Earlier this week, US natural gas prices hit just over $8 per million British thermal units, their highest level since 2008, at the time of the shale boom. That price was down a bit on Thursday, but still about double what it was this time last year.

This is because many Western countries stopped buying oil and gas from Russia after its invasion of Ukraine. The boycott has eliminated some of the supply, driving up prices, and the United States is sending record amounts of liquefied natural gas overseas.

Some wonder whether the United States should retain more of the LNG it exports to reduce energy costs at home.

Liquefied natural gas producers in the United States want to take advantage of higher prices, said Trey Cowan of the Institute for Energy Economics and Financial Analysis.

“You have more bidders for the commodity – in this case, LNG – you have more bidders for it, and that drives the price up,” Cowan said.

And it also drives up the price of natural gas in the United States. Natural gas isn’t quite a global commodity like oil is, but increasingly we’re finding that international prices affect what we pay here.

Anna Mikulska from Rice University said that we don’t just send liquefied gas overseas.

“Everyone keeps thinking about LNG exports, but we actually export a lot of gas by pipeline, mostly to Mexico,” she said.

These export contracts are often staggered over 20 years, so beyond a natural disaster, it is difficult for a natural gas producer to stop exporting and keep more gas at home to bring the price down. .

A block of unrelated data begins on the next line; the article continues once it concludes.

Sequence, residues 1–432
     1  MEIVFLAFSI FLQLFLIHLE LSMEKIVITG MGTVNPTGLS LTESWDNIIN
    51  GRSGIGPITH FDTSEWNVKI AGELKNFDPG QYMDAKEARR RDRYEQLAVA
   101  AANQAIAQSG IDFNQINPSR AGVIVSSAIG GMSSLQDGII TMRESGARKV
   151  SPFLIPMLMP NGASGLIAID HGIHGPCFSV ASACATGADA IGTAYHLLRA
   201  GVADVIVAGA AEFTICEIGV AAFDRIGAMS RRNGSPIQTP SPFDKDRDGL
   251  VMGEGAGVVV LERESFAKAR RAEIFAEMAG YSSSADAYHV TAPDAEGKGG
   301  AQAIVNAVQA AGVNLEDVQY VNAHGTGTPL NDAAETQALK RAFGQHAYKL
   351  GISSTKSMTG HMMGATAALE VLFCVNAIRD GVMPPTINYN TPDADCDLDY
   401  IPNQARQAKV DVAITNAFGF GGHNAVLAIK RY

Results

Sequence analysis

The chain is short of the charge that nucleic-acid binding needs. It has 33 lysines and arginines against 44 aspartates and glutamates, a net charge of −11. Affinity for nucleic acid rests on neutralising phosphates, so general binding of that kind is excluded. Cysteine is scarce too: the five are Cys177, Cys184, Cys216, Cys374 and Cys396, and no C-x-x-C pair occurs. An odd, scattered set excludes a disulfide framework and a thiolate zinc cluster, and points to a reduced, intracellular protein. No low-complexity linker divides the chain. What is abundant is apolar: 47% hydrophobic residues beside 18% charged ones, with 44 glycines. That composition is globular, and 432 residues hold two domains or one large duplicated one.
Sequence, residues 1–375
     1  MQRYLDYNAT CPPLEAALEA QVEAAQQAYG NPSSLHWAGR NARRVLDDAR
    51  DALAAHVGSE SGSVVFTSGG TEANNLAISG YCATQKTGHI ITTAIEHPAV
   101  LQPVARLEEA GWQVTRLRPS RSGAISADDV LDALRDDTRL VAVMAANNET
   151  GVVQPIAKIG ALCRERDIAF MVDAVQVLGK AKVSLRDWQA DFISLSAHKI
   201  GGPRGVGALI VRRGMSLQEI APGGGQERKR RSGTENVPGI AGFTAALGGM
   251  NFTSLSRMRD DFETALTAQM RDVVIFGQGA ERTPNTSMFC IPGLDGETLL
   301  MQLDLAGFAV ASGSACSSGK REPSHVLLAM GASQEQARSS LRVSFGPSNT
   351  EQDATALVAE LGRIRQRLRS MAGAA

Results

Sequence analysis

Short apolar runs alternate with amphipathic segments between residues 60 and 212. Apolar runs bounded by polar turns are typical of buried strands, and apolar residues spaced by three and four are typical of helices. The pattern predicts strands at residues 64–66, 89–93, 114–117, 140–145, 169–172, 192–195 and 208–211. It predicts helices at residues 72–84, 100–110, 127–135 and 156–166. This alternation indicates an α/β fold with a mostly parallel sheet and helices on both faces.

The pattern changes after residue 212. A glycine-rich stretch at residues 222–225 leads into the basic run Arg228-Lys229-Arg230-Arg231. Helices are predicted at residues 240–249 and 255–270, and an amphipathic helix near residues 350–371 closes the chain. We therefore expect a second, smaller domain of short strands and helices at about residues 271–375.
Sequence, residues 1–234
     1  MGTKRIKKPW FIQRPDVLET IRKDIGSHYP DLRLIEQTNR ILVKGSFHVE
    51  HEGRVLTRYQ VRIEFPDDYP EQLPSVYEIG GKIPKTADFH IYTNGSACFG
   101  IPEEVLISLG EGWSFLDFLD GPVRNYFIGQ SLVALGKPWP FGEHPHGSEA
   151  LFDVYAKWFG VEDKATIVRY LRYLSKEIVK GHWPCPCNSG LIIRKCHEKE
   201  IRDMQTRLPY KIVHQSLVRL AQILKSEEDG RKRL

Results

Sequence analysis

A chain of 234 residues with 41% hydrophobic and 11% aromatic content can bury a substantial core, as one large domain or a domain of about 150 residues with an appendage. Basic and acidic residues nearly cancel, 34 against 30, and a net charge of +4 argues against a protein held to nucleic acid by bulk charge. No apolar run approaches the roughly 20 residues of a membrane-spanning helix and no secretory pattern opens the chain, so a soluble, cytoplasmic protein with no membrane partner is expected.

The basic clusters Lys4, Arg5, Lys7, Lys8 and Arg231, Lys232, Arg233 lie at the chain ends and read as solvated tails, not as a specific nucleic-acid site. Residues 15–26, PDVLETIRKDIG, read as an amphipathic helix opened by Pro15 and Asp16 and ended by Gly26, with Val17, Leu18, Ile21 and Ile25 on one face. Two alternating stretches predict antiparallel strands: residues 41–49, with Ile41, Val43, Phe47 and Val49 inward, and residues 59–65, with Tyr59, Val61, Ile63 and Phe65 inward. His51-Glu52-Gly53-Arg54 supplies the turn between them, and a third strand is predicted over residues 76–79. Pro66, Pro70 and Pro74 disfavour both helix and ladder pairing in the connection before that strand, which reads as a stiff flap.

A big part of the problem is that supply is not reacting to oil at $100 a barrel as it has in the past.

And investors are more focused on short-term returns, said CFRA equity analyst Stewart Glickman. Other factors prevent oil companies from rapidly increasing production.

“Hose is more expensive and harder to find,” Glickman said. “Steel is more expensive. Labor is more difficult to find.

Beyond supply constraints, demand is now also different. In the past, American power plants were often switch to burning coal when the price of natural gas hit about $3.50.

Robert Johnston, principal investigator at Columbia University, said that’s not happening these days for two reasons.

“The first is that we have closed a good number of coal-fired power plants. The other is that coal is also scarce and expensive. So the economics of switching from gas to coal hasn’t been as good either,” Johnston said.

That’s beside the environmental concerns of burning coal, as well.

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